Katie Snipes Lancaster
John 1:1 In the beginning was the Word, and the Word was with God, and the Word was God.
Reflection on the Nativity
Matthew and Luke more easily tell a story of Word-made-flesh. They don’t need to even use a word like flesh to make their point: instead they use story, real human beings whose very survival is at stake. Should Joseph dismiss Mary quietly, believing her unfaithful—his and her livelihoods and reputations on the line? Should Mary invite the shepherd-strangers into the donkey-adjacent birthing suite? Should they trust the dream of the supposed wise men, who suggest they migrate to Egypt away from the power-mad King Herod just to be safe? Matthew and Luke show us instead of tell us about the flesh-y-ness of the gospel.
John’s nativity takes up none of these real-life flesh-and-blood questions as it introduces the main character of the long saga he is about to share. Instead John finds a more poetic approach and tells it slant (as Emily Dickenson would say). John simply offers us potent language: “the Word became flesh,” followed by “dwelling among us,” not to mention “glory” and a dose of “grace and truth.” Each turn of phrase is more evocative than the last. Whole books are written on each of these topics, entire lives dedicated to unpacking one turn of phrase or another. It’s worth noticing just how much of a masterpiece each line of John’s prologue is.
Harvard theologian Mayra Rivera reminds us that somehow John’s description of Word-becoming-flesh has the power to join “tangible and intangible” rendering “the real world evident and visible.” Or as poet Marie Howe puts it “It was thing and spirit both: the real/world: evident, invisible.” Emily Dickenson challenges the simplicity of intangible-becoming-tangible saying, “A word made flesh is seldom” while poet Gil Hedley suggests that there is something almost entirely essential about the relationship between language and embodiment, word and flesh, saying “Your body is a holy book, a scripture—the pages of your flesh are marked in exquisite detail.” Maybe your very body is holy word, spoken by the holy one into being.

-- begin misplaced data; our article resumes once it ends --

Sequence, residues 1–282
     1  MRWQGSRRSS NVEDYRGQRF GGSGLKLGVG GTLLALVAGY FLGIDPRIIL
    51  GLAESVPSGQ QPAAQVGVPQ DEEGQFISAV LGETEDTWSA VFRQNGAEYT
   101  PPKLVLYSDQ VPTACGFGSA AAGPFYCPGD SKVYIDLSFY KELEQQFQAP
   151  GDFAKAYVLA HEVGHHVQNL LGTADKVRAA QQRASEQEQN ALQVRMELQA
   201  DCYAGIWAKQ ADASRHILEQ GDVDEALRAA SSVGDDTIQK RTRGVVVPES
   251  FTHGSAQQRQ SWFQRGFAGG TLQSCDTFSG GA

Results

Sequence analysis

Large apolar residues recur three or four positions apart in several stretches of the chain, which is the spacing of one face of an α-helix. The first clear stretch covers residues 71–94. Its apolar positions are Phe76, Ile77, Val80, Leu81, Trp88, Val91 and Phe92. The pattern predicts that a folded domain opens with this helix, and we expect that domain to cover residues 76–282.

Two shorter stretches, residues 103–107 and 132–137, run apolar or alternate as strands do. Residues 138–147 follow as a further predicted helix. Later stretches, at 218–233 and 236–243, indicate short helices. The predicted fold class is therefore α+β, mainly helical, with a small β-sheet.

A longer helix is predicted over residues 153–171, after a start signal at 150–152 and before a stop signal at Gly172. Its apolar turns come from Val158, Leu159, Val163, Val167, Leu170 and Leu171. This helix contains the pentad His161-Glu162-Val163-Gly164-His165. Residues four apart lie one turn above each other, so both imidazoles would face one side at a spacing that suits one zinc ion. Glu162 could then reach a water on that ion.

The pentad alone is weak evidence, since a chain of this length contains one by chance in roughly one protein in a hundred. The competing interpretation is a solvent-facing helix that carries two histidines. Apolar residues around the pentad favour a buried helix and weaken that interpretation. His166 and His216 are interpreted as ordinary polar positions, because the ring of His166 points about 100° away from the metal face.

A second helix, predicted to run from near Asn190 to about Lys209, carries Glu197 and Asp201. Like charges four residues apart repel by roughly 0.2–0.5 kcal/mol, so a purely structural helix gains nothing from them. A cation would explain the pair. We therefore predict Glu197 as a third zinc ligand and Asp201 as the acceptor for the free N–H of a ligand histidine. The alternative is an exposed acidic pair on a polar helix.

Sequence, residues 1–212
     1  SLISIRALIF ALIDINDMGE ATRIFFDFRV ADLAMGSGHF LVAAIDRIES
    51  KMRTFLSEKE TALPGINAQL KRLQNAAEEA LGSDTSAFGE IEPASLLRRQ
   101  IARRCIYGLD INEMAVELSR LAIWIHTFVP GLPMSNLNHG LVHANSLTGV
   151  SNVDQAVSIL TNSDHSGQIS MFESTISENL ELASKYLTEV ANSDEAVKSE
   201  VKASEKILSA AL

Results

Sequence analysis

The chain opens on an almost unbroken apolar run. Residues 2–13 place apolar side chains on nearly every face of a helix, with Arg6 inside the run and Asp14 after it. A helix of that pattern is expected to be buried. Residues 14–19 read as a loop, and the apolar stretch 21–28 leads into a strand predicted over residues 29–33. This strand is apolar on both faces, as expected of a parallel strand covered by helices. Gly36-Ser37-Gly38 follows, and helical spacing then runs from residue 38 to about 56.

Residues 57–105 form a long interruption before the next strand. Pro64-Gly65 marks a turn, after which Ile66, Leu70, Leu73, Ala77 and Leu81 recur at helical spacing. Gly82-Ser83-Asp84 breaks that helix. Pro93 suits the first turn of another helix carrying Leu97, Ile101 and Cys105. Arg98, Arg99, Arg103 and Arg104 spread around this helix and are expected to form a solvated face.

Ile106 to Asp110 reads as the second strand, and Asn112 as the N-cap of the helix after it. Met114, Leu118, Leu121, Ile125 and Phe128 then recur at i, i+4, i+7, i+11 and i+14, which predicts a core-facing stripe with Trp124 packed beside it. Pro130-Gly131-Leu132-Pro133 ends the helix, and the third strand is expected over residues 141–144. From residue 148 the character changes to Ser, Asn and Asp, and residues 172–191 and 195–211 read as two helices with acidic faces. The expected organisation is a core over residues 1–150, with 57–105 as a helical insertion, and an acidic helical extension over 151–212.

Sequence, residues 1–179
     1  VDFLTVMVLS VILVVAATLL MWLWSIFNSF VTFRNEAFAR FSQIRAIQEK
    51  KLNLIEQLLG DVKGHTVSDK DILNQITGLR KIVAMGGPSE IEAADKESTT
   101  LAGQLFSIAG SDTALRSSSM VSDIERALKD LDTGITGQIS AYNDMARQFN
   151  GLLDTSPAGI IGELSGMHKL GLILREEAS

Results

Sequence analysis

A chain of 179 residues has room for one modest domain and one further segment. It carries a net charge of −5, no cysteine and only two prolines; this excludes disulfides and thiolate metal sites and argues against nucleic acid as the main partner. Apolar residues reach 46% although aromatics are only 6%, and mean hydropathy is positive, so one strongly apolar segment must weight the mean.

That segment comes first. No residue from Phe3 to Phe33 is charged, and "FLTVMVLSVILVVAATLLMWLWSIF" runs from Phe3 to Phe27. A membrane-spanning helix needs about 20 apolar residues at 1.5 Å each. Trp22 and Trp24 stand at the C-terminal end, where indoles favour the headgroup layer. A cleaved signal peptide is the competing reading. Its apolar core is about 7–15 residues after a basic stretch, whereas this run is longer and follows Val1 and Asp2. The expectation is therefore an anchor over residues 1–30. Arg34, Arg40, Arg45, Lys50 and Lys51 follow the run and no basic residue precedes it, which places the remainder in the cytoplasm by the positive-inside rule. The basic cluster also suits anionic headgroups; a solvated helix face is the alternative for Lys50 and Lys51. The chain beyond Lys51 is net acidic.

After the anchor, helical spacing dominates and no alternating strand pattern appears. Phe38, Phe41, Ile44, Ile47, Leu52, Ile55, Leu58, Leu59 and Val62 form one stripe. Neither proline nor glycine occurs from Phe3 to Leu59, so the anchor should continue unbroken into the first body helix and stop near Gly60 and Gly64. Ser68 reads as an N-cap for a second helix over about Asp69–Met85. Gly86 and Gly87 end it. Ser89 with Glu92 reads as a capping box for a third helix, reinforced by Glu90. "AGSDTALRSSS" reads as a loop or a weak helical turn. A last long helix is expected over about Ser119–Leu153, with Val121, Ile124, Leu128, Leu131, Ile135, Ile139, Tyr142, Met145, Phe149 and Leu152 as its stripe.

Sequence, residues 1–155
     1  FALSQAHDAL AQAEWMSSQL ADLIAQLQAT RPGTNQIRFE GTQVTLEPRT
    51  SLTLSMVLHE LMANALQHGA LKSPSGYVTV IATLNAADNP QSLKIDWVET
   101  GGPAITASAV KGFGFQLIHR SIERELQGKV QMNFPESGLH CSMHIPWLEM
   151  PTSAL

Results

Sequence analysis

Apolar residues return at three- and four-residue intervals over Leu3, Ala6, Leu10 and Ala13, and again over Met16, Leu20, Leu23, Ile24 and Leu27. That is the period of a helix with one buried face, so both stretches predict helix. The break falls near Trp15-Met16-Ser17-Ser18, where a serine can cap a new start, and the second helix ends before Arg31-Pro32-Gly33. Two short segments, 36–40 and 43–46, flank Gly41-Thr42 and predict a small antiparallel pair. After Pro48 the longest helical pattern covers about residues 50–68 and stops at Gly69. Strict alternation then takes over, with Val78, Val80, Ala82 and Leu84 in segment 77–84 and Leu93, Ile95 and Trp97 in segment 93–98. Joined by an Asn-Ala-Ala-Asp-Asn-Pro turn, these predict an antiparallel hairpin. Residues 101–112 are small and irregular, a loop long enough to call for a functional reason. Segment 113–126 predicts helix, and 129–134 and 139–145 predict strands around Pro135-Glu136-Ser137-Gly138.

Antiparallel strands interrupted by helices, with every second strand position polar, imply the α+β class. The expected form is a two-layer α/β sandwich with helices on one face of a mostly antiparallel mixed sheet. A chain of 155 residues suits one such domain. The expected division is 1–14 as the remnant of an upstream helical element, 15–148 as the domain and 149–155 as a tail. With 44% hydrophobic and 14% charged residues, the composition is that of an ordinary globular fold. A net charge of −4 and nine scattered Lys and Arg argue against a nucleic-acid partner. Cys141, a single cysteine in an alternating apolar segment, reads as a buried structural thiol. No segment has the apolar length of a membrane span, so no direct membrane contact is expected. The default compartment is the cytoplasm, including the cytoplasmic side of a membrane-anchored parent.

Perceptibly Professor Rivera brings the metaphor even more to life saying “Flesh is always becoming. Air, water, food, sunlight, and even societies of microorganisms enter our bodies to weave the delicate tissue of our flesh. Imperceptibly to the naked eye, cell by cell, day after day, the world constitutes your body and mine. And our bodies enter into the constitution of the world.” Have we not found, these last two years, how much my body impacts your body, how their health impacts our health? Just the word Omicron says it all (a word we’ve known barely a week now). We are entangled. Intertwined. Caught in an invisible web of connection that we can no longer deny. She also says, “words [do] become flesh. Words mark, wound, elevate, or shatter bodies.” This is no throw-away metaphor. Word-becoming-flesh has real life consequences, as we see when Jesus ultimately faces the powers and principalities of his day, his own word of love powerful enough to cause the authorities to trap his flesh on a cross. The word of one king, one religious leader, one friend-turned-betrayer or friend-turned-denier changes everything.
Praying this part of the nativity may mean praying for your neighbor, your literal neighbor, or your far away neighbor. Either way the prayer of John 1:14 has something to do with that interconnectedness, used often for good, but not always. Not unlike “six degrees of separation,” this text teaches us to pray for “the other” or “the one who is not ourselves” because by speaking their name into the ear of God, our always-enfleshed relationship to them might shift, and change in ways that make real-life differences for the health, well-being, and thriving of those for whom we pray.
Praying the Nativity
Dwell among us.
Make tangible what is intangible.
Make connected what is disconnected.
Give us words to speak your risky, embodied love.
Make our way yours. Our journey sacred.